South Sister St. Marys, Tasmania
|The many faces of South and North Sisters viewed from different angles; refresh the page for another view.|
The South Sister, near St Marys is a local icon, popular tourist destination, and recreation area for the locals BUT it is earmarked for logging. Many residents and past visitors to the area are very concerned that this will have devastating effects on the biodiversity of the area, the water supply of local residents (including St Marys), damage to eco-tourism and the local economy. The Forest Practice Plan was certified in January 2005 and is deficient in many respects. It fails to assess adequately the risk of landslide should logging proceed as well as risk to water and threatened species. See the community audit presented to Forestry Tasmania in early February 2005 for more details.
There are MANY good reasons why South Sister should not to be logged. Please see the history of the campaign and other news updates to learn more about the activities since being alerted to Forestry's intention to log this area late 2003.
Despite the fires of 2006, Forestry Tasmania still intends to log the South Sister in the
year 2012-2013. As part of the Tasmanian Forests Statement of Principles currently being discussed the first South Sister coupes slated for logging - NI114A has been included in the list of high conservation value (HCV) land. Other coupes on the Nicholas Range are also included in this HCV list. Current discussions with Bill Kelty the Federal Government's facilitator and signatories to the Statement of Principles indicate frustration with both Federal and State Governements for their lack of response to Kelty's interim report. Forestry Tasmania continues to be slow to provide information on the 115 coupes which are currently being logged in order to supply contracts. Meetings and negotiations will continue until the 15th September when the moratorium ends. At that time it is hoped that not only will the South Sister and the Nicholas Range be saved from logging but all HCV coupes in the state will also be protected.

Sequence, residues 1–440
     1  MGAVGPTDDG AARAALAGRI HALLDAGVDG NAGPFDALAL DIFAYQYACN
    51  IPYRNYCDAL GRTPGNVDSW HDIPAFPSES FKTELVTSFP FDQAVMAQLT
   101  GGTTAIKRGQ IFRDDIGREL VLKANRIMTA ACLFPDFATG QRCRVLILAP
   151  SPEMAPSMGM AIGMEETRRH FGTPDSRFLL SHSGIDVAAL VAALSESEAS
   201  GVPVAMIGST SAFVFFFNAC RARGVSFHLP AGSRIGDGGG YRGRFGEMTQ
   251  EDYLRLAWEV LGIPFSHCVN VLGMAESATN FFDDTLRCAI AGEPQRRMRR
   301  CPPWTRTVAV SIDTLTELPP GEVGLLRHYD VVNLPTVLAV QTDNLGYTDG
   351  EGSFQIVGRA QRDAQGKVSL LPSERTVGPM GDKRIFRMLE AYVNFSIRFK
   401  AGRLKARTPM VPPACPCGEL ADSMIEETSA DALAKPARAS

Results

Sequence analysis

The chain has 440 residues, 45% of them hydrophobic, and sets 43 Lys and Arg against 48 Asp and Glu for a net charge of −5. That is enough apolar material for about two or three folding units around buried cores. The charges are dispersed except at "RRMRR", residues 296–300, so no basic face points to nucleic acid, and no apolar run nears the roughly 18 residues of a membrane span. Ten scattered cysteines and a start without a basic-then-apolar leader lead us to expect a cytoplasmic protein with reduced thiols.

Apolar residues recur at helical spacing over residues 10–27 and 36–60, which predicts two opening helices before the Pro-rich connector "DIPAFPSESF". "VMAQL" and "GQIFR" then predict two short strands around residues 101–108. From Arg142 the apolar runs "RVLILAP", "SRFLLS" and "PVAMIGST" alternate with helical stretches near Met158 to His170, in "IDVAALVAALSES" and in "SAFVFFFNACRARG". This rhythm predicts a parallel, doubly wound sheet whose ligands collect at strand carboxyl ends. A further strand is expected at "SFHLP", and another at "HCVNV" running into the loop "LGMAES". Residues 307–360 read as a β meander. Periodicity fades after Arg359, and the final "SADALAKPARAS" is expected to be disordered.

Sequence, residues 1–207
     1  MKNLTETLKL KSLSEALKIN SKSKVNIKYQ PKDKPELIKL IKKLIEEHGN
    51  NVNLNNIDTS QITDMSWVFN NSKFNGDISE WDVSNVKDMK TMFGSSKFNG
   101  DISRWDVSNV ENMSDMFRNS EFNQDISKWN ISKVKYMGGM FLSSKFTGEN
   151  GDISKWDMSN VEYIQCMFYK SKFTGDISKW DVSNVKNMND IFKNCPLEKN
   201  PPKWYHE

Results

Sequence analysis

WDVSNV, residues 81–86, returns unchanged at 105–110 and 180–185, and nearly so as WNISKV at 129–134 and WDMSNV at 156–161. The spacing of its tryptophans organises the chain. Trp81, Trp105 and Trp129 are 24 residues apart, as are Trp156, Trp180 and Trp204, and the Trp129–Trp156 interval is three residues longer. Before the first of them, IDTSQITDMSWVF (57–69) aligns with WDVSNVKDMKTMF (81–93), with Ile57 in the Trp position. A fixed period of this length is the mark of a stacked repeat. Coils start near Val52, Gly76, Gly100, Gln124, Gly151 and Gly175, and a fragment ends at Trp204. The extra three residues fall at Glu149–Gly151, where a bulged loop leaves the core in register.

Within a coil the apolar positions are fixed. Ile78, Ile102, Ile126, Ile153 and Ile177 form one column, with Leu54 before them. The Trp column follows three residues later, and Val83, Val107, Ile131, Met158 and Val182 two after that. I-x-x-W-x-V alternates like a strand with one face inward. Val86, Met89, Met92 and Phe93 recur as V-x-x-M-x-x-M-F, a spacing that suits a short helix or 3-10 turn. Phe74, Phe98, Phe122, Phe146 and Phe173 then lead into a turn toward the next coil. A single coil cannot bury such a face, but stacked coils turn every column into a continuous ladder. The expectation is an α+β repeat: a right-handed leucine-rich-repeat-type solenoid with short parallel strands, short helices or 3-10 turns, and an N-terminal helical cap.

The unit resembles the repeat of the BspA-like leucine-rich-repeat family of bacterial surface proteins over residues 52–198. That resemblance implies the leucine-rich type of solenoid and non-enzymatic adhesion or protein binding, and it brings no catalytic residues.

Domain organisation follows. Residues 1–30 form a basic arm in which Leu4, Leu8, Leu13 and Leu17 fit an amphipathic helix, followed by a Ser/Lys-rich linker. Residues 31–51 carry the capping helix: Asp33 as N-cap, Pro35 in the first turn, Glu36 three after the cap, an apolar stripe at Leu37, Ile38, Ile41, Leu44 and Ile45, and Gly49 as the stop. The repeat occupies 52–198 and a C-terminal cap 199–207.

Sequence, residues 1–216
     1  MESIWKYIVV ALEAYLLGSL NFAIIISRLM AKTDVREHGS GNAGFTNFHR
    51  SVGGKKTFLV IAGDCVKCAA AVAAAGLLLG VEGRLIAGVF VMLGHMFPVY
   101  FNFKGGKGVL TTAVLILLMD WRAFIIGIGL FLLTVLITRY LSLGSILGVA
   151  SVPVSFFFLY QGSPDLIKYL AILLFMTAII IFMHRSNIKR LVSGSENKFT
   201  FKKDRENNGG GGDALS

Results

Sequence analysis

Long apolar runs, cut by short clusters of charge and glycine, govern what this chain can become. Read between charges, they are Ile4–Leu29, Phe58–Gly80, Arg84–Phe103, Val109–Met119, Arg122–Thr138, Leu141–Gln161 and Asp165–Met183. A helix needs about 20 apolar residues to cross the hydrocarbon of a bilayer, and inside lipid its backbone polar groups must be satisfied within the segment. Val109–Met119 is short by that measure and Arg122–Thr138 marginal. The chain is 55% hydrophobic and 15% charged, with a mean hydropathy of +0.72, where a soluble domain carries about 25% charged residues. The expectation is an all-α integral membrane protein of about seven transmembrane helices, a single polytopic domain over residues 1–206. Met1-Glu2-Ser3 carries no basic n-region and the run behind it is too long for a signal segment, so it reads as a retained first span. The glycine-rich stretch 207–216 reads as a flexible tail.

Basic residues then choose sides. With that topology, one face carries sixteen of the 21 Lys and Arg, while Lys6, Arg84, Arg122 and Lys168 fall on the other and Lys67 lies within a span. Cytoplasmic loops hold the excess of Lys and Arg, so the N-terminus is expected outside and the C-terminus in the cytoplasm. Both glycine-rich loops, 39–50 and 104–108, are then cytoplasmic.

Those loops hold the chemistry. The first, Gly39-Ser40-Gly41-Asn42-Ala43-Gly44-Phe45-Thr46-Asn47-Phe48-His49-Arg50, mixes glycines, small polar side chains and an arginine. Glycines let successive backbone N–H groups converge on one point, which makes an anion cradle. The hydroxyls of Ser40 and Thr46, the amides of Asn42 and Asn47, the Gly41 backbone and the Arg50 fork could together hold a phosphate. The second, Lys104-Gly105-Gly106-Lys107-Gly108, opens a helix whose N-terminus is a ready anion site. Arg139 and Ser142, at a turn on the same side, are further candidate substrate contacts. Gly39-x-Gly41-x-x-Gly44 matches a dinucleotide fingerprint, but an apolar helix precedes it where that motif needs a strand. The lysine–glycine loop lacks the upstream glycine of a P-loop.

In April 2011, a plaque commemorating the life of David Clement, SOS member and lover of the Nicholas Mountain range was unveiled on the mountain. 30 of David's family, friends and colleagues gave a warm tribute to the man with boundless energy and love who spent so much of his time, trying to save the South Sister from logging.
Three lichens identified on the South Sister (close to the coupe) by esteemed Herbarium Lichenologist Gintaras Kantvilas were nominated for listing on the Threatened Species List in 2006. Despite the Scientific Advisory Committee (SAC) recommending the three be listed as 'rare', the Minister failed to list the lichens. The Minister's decision was based on the premise that he was '... not able to determine whether these species are at risk ...' This was despite the lichens being recommended by SAC to be listed under the criteria stating ... 'species subject to stochastic risk ... because of naturally small population size(s).' ...
Despite Ralph Rallings providing information in the form of a Review Paper to RMPAT, Ombudsman, Forestry Tasmania, the former Minister of Forests, Bryan Green and then the former Premier Paul Lennon (who took over the Forest portfolio), none of the above were interested in investigating the false and misleading evidence provided by McIntosh and Weldon to RMPAT in 2005. Read the review and see for yourself how the conclusions reached by FT's experts remain in doubt by SOS experts ...
David Leaman's powerpoint presentation (1.92MB) at the South Sister fauna and flora 'walkshop', 05 April, 2008
'Biodiversity and landscape conservation of the Nicholas Range' - a powerpoint presentation (2.2MB) made by Nick Fitzgerald and Todd Dudley at the South Sister fauna and flora 'walkshop', 05 April, 2008
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